Needing cupcakes for the birthday celebration tomorrow, I pulled out the box of King Arthur’s gluten free yellow cake mix. The first thing I noticed while preparing this mix was that the instructions are detailed and very specific. I think the calculated method of preparation helped the batter turn out less runny than Betty’s did. This batter held up really well and was actually quite thick! While spooning it in to cupcake papers, the batter retained its shape, lumps and all.

As I mentioned previously, I got 24 of these bad boys out of the box. Great value! These smelled delicious while baking and browned really nicely!

The batter actually held its shape far better than I expected – making me wish I had tapped the pans a bit before putting them in the oven. The cupcakes rose where the lumpy spots from spooning the batter were, leaving some uneven mounds. They rose quite a bit – filling the cupcake papers half way would have given me perfect cupcakes.

We taste-tested one for the sake of our guests (oh, the sacrifices we make). Overall, the baking results were great. The cupcakes turned out light, fluffy and moist. They were also very tasty! Ben, C & I polished one off, then C asked for another! Considering there was no frosting on them yet, I’d call it a success. And I’m sold! King Arthur, you did a great job on this product.

Here’s the finished product, frosting and all. In the end, it actually worked out well that the tops were uneven. I used them to strategically place the Hello Kitty rings.

 C helped with the frosting a bit – although mostly she just licked the bowl. :)

Happy Birthday, baby girl!

Note:  I was in no way influenced by the company to promote this product. Although I would have loved a sample product to review, this one I paid for myself – and I would do it again!

you are what you eat

I have yet to complete my gluten test, mainly because I’m a bit scared of the ramifications that may accompany reintroduction. After the few snapshots I got from my last small test, I’m a bit wary to try it again. And, yet, for the sake of science, and for that questioning mind of mine, I still plan to give it a go.

I don’t think I ever really gave my thoughts on the 21 Day Sugar Detox, so here’s my high level recap. I definitely wasn’t expecting that it would result in removing gluten from my diet. It’s a PAIN! It is in absolutely everything! Part of me wishes I could go back and not do the 21 day sugar detox… but I know that if I really am gluten sensitive, this could be the cause behind some of the other issues I’ve been dealing with over the past few years. Issues that medical professionals have scratched their heads at and thrown numerous pharmaceuticals at without reprieve. Even my holistic medical advisers have been at a bit of a loss to determine the root cause. But the symptoms seem to line up with gluten sensitivity or celiac disease. So, even though the results of the detox weren’t exactly positive for me, they were very insightful. And, for that, I’d gladly hand over $21 again.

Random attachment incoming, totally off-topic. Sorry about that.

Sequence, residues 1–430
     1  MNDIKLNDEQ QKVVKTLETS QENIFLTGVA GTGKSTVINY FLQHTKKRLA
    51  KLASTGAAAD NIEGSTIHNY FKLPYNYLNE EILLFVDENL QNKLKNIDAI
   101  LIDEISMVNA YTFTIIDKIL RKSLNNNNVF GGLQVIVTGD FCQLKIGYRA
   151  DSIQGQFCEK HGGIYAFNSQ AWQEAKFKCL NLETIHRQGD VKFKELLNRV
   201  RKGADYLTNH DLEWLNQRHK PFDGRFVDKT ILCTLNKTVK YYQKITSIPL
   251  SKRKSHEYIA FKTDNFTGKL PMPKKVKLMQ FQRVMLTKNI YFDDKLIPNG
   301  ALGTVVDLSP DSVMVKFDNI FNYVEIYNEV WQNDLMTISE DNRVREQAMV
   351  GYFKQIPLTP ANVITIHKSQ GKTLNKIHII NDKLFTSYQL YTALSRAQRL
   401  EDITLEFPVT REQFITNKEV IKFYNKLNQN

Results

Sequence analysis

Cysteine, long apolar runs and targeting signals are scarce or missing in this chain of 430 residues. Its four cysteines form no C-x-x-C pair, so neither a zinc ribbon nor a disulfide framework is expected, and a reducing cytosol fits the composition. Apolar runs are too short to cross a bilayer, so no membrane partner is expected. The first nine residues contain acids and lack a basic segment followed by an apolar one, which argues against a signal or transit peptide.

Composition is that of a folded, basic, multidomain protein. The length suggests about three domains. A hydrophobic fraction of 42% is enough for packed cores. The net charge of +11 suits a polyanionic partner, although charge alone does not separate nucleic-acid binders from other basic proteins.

Food is such an important part of our lives. It fuels our bodies and our minds, and yet, too often we reach for something quick to sustain us. Packaged, processed foods are so readily available in our society that trying to stick to whole foods, gluten free or otherwise, is a challenge! During the sugar detox, I didn’t eat out much. When I did, I was typically disappointed of how careful I had to be when ordering and how often hidden sugars were thrown in for an extra “kick”! I’m a definite believer in food’s impact on mood, and there are more and more studies coming out to support this very topic. Here’s one discussing how sugar may be linked to depression. I love the interwebs. :)

I’m not quite sure how I stumbled across this article tonight, in the midst of searching for gluten free articles, but I did, and I liked it, so here it is for you… http://www.precisionnutrition.com/why-im-lean